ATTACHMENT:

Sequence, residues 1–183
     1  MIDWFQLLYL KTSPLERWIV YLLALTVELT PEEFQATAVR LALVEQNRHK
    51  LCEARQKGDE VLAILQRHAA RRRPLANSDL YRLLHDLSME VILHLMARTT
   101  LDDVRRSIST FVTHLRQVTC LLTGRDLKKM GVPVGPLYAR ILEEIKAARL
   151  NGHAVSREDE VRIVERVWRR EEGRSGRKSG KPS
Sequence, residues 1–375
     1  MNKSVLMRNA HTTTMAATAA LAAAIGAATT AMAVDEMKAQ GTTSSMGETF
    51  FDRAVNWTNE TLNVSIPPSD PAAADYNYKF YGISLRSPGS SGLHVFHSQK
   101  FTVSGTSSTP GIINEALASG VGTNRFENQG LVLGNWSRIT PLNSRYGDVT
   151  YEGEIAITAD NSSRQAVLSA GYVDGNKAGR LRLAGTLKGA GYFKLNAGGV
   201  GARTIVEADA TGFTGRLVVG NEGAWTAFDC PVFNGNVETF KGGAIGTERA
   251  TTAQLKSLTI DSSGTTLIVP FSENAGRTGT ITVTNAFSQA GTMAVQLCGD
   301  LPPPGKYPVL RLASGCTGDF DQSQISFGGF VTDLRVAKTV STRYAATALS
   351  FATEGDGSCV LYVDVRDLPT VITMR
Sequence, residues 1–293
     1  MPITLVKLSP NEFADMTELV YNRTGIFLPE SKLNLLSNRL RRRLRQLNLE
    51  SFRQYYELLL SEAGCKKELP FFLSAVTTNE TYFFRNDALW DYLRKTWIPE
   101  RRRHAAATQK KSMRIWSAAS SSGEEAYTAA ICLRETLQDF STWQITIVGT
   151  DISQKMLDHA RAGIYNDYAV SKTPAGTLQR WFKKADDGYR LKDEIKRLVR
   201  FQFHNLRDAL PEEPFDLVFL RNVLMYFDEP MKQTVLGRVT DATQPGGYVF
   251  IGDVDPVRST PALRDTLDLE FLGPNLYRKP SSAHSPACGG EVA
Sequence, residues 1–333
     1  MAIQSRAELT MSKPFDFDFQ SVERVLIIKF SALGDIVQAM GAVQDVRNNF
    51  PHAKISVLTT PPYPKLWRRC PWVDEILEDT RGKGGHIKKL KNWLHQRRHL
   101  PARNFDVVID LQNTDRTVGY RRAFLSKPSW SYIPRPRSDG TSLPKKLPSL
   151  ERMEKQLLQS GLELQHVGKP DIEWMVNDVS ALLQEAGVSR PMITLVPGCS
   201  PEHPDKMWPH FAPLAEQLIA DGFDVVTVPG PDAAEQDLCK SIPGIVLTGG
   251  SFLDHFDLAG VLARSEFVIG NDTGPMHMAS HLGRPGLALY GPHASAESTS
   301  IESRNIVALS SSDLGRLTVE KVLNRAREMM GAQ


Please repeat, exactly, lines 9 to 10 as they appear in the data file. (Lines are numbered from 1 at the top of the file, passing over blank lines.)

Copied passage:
   101  FTVSGTSSTP GIINEALASG VGTNRFENQG LVLGNWSRIT PLNSRYGDVT
   151  YEGEIAITAD NSSRQAVLSA GYVDGNKAGR LRLAGTLKGA GYFKLNAGGV